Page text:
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How Much Melatonin Should You Really Be Taking?

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How to Relax

What to do instead before bed to relax and drift into dreamland.

If your usual bedtime routine involves TV, your cell phone, or a tablet, chances are you’re not sleeping as well as you could be. Even if you think that mindlessly clicking through your Facebook newsfeed and watching silly cat videos helps you to wind down, the light from those electronic screens may actually curb your body’s natural production of melatoninThe hormone secreted by the pineal gland thought to help adjust our internal and external clocks
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, the hormone that makes you feel sleepy. The result: You may take longer to nod off and wake up more frequently during the night. Instead, hit the “off” button on those digital devices and try these tech-free, sleep-inducing strategies for better zzz’s all night long.

Breathe In, Breathe Out. Yoga devotees swear by the power of breath for its ability to calm the mind and body. You can make it as simple as slowing your breath, inhaling deeply through your nose and exhaling completely through your mouth. Or, try this trick: Lie on your left side and gently press on your right nostril to close it in order to breath slowly in and out through your left nostril. (Or lie on your opposite side and close the other nostril—whichever is most comfortable.)

Squeeze and Release. Sometimes a little self-induced tension is just what you need in order to fully relax and drift off. That’s the idea behind progressive relaxation exercises like this one. Lying comfortably, curl your toes strongly and hold for a few moments. Then relax them completely. Then, squeeze your calf muscles and relax those. Work your way up the body, squeezing one body part, and then letting it go. By the time you get to your shoulders you’ll be completely blissed out.

Find Your Sleepy Spots. Certain acupressure points in the body can help you wind down.  Three to know: the spot between your eyebrows at the top of your nose, the indent between your big toe and second toe, and the spot just below the toenail on your big toe. Press firmly on each of those spots and hold for 20 seconds each time.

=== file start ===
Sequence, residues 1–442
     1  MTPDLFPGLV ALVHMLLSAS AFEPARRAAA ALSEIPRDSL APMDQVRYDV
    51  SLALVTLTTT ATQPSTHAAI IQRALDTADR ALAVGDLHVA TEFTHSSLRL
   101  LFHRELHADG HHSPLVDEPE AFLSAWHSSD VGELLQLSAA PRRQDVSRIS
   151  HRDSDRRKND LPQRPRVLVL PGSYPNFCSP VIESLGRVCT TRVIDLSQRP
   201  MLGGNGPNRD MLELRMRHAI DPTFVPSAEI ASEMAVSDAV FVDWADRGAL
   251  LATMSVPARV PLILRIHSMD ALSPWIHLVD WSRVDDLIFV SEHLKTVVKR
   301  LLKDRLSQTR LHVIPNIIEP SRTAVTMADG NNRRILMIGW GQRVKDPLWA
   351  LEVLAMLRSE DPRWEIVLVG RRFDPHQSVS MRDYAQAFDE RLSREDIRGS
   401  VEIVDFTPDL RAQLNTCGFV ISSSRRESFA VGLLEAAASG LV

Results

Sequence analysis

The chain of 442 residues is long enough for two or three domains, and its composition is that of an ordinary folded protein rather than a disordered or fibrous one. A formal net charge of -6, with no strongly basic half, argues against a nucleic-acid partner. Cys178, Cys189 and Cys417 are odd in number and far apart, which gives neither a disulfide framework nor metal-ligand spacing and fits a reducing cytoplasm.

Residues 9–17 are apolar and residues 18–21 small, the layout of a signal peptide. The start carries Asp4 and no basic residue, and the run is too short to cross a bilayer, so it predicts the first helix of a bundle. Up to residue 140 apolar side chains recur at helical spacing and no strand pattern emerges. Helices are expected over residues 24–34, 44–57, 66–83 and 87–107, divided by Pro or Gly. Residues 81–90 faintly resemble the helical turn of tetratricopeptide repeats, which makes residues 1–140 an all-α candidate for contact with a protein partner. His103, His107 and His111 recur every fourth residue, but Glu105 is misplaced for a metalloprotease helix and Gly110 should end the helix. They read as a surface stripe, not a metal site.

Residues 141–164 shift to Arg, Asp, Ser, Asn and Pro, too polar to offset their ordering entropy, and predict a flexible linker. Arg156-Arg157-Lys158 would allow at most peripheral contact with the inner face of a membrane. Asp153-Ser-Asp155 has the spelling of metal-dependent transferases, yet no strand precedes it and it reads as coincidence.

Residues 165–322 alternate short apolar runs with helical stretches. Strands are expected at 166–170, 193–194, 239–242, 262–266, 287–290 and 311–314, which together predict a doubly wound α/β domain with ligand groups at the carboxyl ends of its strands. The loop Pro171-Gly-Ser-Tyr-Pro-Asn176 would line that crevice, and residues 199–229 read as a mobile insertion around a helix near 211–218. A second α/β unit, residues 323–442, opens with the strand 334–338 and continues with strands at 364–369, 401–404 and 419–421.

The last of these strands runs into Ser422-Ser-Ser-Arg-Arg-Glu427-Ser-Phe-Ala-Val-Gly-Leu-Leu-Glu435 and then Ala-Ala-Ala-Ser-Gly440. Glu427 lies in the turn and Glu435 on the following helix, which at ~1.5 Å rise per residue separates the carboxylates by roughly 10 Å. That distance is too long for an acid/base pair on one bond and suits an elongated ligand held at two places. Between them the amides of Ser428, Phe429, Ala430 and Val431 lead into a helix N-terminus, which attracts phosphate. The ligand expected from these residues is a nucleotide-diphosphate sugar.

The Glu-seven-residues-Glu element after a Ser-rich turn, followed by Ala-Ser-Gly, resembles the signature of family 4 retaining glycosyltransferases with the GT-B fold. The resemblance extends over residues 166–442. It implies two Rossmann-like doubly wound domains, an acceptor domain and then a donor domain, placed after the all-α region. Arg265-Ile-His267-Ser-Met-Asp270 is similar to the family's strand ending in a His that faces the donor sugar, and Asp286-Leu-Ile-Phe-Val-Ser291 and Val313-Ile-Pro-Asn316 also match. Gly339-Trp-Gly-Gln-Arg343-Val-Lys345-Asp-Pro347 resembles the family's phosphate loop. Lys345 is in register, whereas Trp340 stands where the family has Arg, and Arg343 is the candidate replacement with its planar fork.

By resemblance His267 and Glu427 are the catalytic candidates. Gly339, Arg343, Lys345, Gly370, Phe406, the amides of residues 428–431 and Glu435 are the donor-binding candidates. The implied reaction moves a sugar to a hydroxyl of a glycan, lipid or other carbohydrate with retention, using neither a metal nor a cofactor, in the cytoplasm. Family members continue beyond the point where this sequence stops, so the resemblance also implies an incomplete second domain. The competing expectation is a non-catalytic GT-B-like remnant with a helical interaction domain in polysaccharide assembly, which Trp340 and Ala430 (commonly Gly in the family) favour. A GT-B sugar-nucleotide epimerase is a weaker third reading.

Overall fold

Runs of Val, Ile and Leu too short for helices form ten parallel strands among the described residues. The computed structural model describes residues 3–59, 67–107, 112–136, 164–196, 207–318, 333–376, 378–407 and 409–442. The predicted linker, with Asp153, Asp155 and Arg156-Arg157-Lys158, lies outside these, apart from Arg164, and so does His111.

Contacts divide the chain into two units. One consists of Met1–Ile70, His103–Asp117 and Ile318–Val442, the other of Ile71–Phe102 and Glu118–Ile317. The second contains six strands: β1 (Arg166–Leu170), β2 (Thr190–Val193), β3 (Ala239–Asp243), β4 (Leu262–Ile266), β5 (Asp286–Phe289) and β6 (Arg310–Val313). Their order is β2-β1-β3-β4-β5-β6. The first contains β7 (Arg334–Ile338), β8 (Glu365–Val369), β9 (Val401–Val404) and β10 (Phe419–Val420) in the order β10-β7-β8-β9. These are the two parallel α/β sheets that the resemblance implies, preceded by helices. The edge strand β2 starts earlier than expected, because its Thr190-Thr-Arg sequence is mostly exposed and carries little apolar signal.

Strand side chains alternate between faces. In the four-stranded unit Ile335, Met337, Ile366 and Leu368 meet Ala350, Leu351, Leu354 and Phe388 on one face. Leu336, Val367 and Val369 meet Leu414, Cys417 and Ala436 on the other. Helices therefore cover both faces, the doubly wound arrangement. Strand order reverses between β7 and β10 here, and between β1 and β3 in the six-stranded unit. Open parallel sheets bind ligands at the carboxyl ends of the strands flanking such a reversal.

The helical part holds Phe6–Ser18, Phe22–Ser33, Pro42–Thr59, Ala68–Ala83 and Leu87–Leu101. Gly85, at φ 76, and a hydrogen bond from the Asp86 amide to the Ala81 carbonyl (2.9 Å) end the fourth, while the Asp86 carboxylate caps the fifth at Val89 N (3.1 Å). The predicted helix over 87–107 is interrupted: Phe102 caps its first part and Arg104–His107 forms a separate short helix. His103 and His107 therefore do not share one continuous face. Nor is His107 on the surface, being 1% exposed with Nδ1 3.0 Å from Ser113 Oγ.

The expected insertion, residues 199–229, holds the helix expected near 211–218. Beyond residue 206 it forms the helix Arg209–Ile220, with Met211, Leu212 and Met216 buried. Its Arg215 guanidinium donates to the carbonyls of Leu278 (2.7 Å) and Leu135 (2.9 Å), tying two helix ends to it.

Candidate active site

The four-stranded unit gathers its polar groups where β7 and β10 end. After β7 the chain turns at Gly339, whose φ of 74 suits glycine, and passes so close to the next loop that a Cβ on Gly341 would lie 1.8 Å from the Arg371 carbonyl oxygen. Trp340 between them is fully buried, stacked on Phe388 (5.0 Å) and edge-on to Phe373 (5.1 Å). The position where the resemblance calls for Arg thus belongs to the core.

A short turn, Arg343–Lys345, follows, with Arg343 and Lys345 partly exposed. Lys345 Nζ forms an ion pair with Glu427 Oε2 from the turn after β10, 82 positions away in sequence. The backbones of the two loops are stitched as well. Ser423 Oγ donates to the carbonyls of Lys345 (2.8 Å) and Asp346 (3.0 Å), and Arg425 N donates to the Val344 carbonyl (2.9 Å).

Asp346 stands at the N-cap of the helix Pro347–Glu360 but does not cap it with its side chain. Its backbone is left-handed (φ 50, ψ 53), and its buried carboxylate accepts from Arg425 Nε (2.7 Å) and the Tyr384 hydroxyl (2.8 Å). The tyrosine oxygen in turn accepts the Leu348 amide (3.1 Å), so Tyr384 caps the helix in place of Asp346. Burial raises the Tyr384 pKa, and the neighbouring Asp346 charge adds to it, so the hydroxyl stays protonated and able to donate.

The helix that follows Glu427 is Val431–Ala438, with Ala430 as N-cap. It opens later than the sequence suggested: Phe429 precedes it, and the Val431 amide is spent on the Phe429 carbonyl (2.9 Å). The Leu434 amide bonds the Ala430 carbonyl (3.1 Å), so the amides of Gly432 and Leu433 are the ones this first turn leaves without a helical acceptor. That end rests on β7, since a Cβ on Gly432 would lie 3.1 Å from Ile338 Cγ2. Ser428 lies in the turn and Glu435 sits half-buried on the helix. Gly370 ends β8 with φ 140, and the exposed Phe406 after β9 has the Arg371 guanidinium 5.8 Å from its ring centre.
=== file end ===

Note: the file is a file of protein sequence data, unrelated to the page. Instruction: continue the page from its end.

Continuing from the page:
Drink This, Not That. You probably already know that caffeine can keep you up, especially if you drink it later in the day. In fact, it’s best to avoid it after 2:00pm to prevent sleep disruption. But did you know that alcohol can also be a sleep disruptor, too? Even though that glass of wine may leave you feeling drowsy, it can actually keep you from sleeping as deeply and cause sleep disruptions during the night. Instead, try a glass of warm milk or herbal tea for a soothing nighttime ritual.

Turn Down the Temp. Cooler temperatures, between 60 and 67 degrees, are typically considered best for sleep.  But did you know that your body’s temperature naturally falls as bedtime approaches, triggering sleepiness? Help the process along by inching down the thermostat, or taking a warm bath or shower (your body will naturally cool as you dry off).

Lower the Lights. The rising and setting of the sun plays an important role in setting your natural Circadian Rhythm (Body Clock) A daily rhythmic activity cycle, based on 24- hour intervals. This is often called your "body clock."
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, so your body knows when it’s time to wake up and when it’s time to sleep. That’s why it’s a good idea to turn on all the lights and open the blinds first thing in the morning. It’s also why it’s a good idea to start dimming the lights as bedtime approaches in order to trigger the production of melatonin.

Read a Book. Reading is a great way to prepare for sleep—as long as you aren’t diving into a gripping page-turner that’s overly stimulating. Stick to an old-fashioned paper book, if possible, or use an e-reader (such as a Kindle or Nook), rather than a bright tablet.